All we can do, as writers and editors, is suggest the best way to read our work. And then stand back and watch as everyone does it their way anyway!
ex_benpayne119
Mar. 31st, 2008 08:02 am (UTC)
I'm really glad Oblivion worked for you that way. That's how I thought of it too... kind of coming through the wringer and emerging to some small glimmer of light...
electricant
Mar. 31st, 2008 10:55 am (UTC)
But I think it gains a real sense of hope merely by its placing in the book. We've been through the mill a bit with these stories, and we've been served up some truly damning dystopias. And then, at the end, along comes a tale which brings it all down to a human scale at last.

I think for me it was the pairing of Ben Peek's "David Bowie" right before McMullen's "Oblivion" that really rounds out the anthology for me. They're both stories that draw the reader in to the personal human scale and they're both downbeat stories of human deaths, but the fact that "Oblivion"'s death is slightly softer and gentler than "David Bowie"'s last minute gut punch (which I totally wasn't expecting) is what makes it feel like the anthology ends on an optimistic note.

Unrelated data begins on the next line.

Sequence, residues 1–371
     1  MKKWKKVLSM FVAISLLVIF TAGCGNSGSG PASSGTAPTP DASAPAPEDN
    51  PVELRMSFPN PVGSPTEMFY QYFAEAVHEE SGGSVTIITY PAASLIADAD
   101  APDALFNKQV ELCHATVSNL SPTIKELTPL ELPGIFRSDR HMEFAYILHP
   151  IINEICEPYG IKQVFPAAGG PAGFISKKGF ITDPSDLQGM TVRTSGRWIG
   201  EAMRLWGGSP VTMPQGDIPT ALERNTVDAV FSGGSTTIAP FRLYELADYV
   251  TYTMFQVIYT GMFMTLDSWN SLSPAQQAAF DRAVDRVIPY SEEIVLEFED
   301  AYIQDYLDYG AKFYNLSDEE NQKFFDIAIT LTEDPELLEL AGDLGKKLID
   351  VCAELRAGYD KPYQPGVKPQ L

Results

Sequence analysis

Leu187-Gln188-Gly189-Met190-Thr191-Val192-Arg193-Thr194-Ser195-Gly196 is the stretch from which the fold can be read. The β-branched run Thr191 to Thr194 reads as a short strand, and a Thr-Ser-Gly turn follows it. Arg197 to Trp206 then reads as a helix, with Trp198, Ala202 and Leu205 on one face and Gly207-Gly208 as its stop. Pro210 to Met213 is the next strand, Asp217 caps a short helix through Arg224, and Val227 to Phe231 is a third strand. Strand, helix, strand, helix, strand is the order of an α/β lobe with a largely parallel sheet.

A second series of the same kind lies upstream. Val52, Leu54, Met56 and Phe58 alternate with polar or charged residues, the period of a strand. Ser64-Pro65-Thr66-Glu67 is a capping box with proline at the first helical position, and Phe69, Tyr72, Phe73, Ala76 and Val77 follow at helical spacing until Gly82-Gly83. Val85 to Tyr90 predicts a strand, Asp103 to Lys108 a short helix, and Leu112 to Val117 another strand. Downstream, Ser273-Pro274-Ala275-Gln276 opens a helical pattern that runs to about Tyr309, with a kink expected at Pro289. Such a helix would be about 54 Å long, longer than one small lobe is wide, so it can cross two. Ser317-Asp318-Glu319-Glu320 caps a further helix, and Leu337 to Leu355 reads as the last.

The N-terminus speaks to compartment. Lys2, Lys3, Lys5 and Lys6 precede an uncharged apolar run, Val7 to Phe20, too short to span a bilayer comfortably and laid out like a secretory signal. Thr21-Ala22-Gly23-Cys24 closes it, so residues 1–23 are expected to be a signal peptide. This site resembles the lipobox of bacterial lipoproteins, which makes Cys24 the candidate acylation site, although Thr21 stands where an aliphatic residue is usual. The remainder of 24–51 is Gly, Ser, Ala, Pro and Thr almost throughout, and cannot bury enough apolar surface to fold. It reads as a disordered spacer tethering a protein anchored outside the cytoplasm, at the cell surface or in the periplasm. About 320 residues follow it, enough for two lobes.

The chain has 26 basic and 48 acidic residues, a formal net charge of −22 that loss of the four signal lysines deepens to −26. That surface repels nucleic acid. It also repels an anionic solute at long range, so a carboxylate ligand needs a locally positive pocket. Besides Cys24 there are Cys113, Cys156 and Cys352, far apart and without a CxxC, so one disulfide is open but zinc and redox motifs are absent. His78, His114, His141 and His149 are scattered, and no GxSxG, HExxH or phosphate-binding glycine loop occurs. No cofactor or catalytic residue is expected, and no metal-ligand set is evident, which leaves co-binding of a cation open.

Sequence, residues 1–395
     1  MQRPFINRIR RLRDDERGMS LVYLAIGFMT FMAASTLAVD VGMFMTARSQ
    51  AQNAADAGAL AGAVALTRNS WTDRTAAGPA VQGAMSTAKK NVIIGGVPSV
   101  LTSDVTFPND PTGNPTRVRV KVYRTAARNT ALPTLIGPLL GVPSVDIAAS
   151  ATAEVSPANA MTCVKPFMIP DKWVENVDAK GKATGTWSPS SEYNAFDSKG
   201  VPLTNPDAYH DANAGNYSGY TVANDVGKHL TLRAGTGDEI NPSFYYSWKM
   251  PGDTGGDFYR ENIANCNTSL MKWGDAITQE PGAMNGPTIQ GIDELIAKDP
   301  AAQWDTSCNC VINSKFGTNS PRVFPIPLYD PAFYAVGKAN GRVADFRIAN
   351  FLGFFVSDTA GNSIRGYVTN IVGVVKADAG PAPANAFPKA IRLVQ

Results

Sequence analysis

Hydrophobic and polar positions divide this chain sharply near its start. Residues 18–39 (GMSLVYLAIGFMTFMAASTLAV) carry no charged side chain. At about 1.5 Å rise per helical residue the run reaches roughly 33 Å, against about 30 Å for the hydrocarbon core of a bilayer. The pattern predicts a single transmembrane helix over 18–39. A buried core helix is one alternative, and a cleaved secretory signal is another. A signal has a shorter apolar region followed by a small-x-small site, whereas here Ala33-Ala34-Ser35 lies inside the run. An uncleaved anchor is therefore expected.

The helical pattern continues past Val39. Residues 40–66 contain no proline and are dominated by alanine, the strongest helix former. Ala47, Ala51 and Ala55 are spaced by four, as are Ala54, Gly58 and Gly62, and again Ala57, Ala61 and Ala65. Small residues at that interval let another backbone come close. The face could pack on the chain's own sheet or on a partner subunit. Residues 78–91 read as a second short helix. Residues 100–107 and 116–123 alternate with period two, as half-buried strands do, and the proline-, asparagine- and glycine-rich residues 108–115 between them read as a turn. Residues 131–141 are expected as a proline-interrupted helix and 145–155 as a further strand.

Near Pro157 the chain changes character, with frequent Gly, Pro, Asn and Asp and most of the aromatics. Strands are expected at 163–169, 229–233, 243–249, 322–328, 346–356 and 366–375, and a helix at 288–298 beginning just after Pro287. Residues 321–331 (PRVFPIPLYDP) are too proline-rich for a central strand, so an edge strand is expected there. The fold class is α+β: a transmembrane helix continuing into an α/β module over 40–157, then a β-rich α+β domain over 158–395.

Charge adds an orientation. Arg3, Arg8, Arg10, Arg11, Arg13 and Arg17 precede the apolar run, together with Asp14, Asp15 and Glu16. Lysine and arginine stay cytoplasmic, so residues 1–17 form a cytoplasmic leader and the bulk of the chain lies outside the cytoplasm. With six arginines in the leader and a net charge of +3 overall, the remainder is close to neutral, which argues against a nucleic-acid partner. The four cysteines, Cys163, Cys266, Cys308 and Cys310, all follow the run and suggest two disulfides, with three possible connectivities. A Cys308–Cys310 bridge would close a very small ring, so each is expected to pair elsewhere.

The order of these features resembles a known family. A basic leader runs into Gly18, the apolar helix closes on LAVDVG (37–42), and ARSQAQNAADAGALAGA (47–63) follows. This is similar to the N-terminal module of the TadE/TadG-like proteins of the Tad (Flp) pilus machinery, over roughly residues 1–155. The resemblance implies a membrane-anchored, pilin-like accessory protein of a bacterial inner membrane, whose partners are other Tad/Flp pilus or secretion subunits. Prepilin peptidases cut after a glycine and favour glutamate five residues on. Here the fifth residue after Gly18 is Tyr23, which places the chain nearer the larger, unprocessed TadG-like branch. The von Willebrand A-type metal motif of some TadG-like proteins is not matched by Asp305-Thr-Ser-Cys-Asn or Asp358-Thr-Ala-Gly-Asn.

girliejones
Mar. 31st, 2008 11:03 am (UTC)
(whereas I wanted to place them the other way around. I really am quite morbid!)

I guess it's really great that you guys are walking away optimistic about it all.
electricant
Mar. 31st, 2008 11:07 am (UTC)
I'm not quite sure optimistic is quite the right word actually. More... resigned? At peace? "Oblivion" felt like it cushioned the blow of "David Bowie" a little.
electricant
Mar. 31st, 2008 10:48 am (UTC)
But it ends up turning into a story about DNA alteration rather than being as personal or as emotional a story as I'd have preferred,

I am amused at Rob's take on this, because I was bumbling along with "The Last Word" thinking, yeah, okay, some interesting ideas in there but the whole relationship thing is kind of getting in the way, and then, bam, the story pulls out a classic science fiction high-concept ending. Excellent.
girliejones
Mar. 31st, 2008 10:57 am (UTC)
Yeah it's so hard really I think to nail something to get everyone to appreciate what you edit. I too really liked the high concept ending of this story. And I think in a way, the ending was still mucking in with the whole relationship thing.

I think my response to Rob's comments on this story is ... I should keep picking stories that appeal to *me* knowing that that means I can't meet everyone else's needs every time.